What Are Low-E Windows and Should You Buy Them?

Are you a homeowner looking to make your home more energy efficient? Installing new Low-E windows is one of the best investments in your home. Not only do they help keep heat in during the cold months, but they also reduce cooling costs during those hot summer days. But what exactly are Low-E windows, and should you invest in them? In this blog post, we’ll review Low-E windows, how they work, and whether it makes sense to buy them. Keep reading to discover all that you need to know.

When considering energy efficiency, selecting the right window glass is essential. Up to 70% of home energy can be lost through windows and doors – 90% explicitly from the glass itself. However, navigating different Low-E coatings for your region’s climate conditions can seem daunting at first glance. This post dives into what a low e window is, why it’s so great for improving insulation in homes, and which coating type would give you an optimal performance based on where you live.

This article answers the following topics:

  • What is Low-E, and what does it mean?
  • Who makes windows with Low-E?
  • Does Low-E qualify for Energy Star in Texas?
  • How long do Low-E windows last?
  • Different types of Low-E
  • Window glass advancements

What is Low-E, and what does it mean?

Low-E glass windows are a great way to reduce uncomfortable temperature changes in your home without sacrificing the amount of natural light that enters. The critical technology featured on these glasses is their microscopically thin coating, which is thinner than a human hair! This incredible layer creates an invisible barrier against infrared and ultraviolet rays while still reflecting interior temperatures into the house – keeping it consistently comfortable all year round.


Who makes windows with Low-E?

All window manufacturers buy low-emissivity glass for use in their windows. Whether you’re buying replacement windows or installing windows in a newly built home, the windows likely have some chemical coating to improve performance.

Brands like Alside, Andersen, Marvin, NT Windows, and more all offer various coatings to address different use cases.


Does Low-E qualify for Energy Star in Texas?

ENERGY STAR Windows aims to be better than code requirements, and LoĒ³-366 achieves this. As the only low-E product qualifying in all four climate zones, it provides top insulating value for northern climates while keeping out solar heat across America. Low-E glass is required for windows to pass a permit inspection in North Texas.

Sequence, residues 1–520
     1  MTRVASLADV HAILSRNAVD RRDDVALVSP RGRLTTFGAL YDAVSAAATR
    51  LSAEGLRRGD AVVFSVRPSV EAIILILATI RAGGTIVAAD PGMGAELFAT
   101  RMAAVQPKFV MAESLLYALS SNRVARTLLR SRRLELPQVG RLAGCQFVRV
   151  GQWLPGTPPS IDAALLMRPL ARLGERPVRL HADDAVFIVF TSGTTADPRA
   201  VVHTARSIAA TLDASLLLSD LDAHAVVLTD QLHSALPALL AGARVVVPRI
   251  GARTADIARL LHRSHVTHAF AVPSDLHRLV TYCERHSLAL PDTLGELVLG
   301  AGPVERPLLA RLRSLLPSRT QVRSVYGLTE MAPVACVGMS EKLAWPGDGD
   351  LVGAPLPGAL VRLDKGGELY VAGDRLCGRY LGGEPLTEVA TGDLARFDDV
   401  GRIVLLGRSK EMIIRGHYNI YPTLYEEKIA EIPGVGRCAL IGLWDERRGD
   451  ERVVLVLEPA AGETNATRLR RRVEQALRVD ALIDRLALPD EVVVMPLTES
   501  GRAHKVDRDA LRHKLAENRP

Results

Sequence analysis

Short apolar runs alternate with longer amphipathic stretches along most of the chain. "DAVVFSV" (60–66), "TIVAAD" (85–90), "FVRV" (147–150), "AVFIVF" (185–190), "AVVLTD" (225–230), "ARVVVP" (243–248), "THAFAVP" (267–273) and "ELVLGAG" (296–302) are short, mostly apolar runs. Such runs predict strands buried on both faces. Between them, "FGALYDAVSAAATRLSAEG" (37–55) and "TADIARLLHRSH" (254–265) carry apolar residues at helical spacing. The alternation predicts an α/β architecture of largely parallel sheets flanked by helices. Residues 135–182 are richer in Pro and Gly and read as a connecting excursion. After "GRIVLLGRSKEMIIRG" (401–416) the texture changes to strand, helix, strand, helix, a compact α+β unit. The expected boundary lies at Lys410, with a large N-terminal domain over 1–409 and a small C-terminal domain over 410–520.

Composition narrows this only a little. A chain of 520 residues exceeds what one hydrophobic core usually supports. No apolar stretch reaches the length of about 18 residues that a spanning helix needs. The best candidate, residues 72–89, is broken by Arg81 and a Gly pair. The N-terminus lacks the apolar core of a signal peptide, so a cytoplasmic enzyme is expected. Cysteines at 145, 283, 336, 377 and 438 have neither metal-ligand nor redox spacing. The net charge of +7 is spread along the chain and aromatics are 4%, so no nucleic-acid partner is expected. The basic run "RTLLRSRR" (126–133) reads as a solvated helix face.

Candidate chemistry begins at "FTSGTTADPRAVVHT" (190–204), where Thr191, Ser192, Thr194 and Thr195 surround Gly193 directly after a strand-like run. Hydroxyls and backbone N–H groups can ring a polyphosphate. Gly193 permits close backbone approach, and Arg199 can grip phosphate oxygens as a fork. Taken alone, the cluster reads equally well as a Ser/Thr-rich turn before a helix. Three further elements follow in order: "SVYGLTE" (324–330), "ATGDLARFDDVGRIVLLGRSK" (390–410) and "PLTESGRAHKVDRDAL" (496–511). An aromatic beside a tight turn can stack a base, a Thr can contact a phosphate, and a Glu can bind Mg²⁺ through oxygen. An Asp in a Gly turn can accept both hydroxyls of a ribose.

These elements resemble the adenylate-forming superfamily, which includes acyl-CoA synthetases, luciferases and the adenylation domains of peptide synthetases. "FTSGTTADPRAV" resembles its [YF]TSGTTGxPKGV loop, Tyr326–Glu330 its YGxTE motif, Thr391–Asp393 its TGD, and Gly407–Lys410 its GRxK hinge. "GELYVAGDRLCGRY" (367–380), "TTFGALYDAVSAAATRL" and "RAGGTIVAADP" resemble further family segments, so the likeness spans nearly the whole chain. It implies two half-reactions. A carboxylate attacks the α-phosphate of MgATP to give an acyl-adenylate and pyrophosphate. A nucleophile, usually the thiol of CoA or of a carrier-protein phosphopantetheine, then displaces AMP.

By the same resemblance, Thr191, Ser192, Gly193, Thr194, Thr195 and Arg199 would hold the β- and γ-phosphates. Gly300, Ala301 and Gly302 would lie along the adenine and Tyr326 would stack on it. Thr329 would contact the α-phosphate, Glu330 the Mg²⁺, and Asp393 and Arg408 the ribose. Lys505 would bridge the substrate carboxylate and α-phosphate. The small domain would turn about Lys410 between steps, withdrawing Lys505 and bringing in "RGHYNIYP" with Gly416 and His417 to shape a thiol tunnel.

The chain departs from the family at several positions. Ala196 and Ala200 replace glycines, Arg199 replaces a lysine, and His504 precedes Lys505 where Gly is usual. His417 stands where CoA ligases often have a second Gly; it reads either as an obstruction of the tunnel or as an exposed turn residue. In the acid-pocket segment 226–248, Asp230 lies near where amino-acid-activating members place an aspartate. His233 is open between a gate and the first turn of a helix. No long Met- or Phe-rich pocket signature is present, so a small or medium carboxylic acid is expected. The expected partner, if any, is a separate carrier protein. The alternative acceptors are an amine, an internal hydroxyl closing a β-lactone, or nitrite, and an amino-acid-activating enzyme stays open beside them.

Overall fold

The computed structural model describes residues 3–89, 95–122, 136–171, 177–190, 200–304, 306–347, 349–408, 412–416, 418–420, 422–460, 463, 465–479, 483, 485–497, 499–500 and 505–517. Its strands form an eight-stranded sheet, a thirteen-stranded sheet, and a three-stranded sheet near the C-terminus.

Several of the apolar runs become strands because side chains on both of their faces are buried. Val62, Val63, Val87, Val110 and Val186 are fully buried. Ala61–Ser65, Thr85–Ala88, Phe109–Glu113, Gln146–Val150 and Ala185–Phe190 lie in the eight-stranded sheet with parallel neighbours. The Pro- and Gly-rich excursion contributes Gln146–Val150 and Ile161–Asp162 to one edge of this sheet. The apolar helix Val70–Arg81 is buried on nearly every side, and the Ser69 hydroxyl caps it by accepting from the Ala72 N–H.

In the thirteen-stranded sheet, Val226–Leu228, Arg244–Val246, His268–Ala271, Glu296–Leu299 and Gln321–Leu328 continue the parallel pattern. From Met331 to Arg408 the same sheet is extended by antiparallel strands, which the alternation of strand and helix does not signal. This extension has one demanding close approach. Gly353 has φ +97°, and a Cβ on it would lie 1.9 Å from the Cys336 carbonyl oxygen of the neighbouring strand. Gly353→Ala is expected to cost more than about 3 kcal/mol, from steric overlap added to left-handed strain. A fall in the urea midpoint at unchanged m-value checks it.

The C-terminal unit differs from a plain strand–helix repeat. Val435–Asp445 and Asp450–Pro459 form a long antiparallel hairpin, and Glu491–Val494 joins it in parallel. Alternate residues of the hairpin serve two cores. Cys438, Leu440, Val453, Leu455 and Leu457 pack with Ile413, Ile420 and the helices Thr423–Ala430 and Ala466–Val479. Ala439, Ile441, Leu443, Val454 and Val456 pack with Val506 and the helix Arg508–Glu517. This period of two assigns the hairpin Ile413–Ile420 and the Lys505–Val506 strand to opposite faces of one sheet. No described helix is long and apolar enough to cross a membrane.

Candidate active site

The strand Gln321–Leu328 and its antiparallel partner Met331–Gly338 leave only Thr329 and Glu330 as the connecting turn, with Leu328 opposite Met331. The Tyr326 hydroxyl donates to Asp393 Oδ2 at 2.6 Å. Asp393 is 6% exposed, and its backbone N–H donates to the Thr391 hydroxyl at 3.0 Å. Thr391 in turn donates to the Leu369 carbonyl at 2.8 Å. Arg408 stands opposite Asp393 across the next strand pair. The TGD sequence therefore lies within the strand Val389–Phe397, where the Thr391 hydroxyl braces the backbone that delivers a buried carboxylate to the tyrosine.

The better the coatings on your windows, the better your window will perform. Regarding NFRC window ratings, high-performance energy coatings significantly lower the U-Factor and SHGC.


How long do Low-E windows last?

The chemical coatings are found on the interior surface of the exterior pane, so the chemicals can’t be disturbed by using the windows. The low e will last as long as you have the windows. Unlike argon gas that can leak from the frame, the chemical coatings don’t dissolve, dissipate, or diminish over time.


Are there different types of Low-E glass?

Yes. Cardinal Glass, for example, has eight Low-E glass coating options. The different options provide different benefits to window manufacturers. Some glass, like Lo-E 366 helps meet Energy Star criteria in all zones, while LoE – 189 meets strict requirements for homes across Canada.

In Canada, sunlight must help warm the home because of the extreme temperatures. While in Texas, we want our glass to keep out as much heat from the sun as possible. Different climate zones call for other emissivity coatings.


The most important advancements in window glass

Some of the most significant breakthroughs in glass production include:

• Development of Float Glass: The float glass process in the 1960s revolutionized the glass production industry by providing high-quality, uniform glass at a lower cost.
• Introduction of tempered glass: The introduction of tempered glass in the early 20th century has dramatically improved the safety and durability of glass products.
• Development of Low-E glass: Low-E (low-emissivity) glass has dramatically improved the energy efficiency of buildings by reducing the amount of heat lost through windows.
• Advancements in coatings: Advancements in coatings for glass, such as self-cleaning coatings and UV-blocking coatings, have improved the functionality and durability of glass products.
• Increase in the use of recycled glass: The increased use of recycled glass in producing new glass products has reduced the environmental impact of glass production.


In closing

We hope this article has given you a better understanding of Low-E window coatings and how they can benefit your home. If you live in the Dallas-Fort Worth area, we would be happy to help you choose the right windows for your home. Please call us at 214-399-9592 for a free window estimate.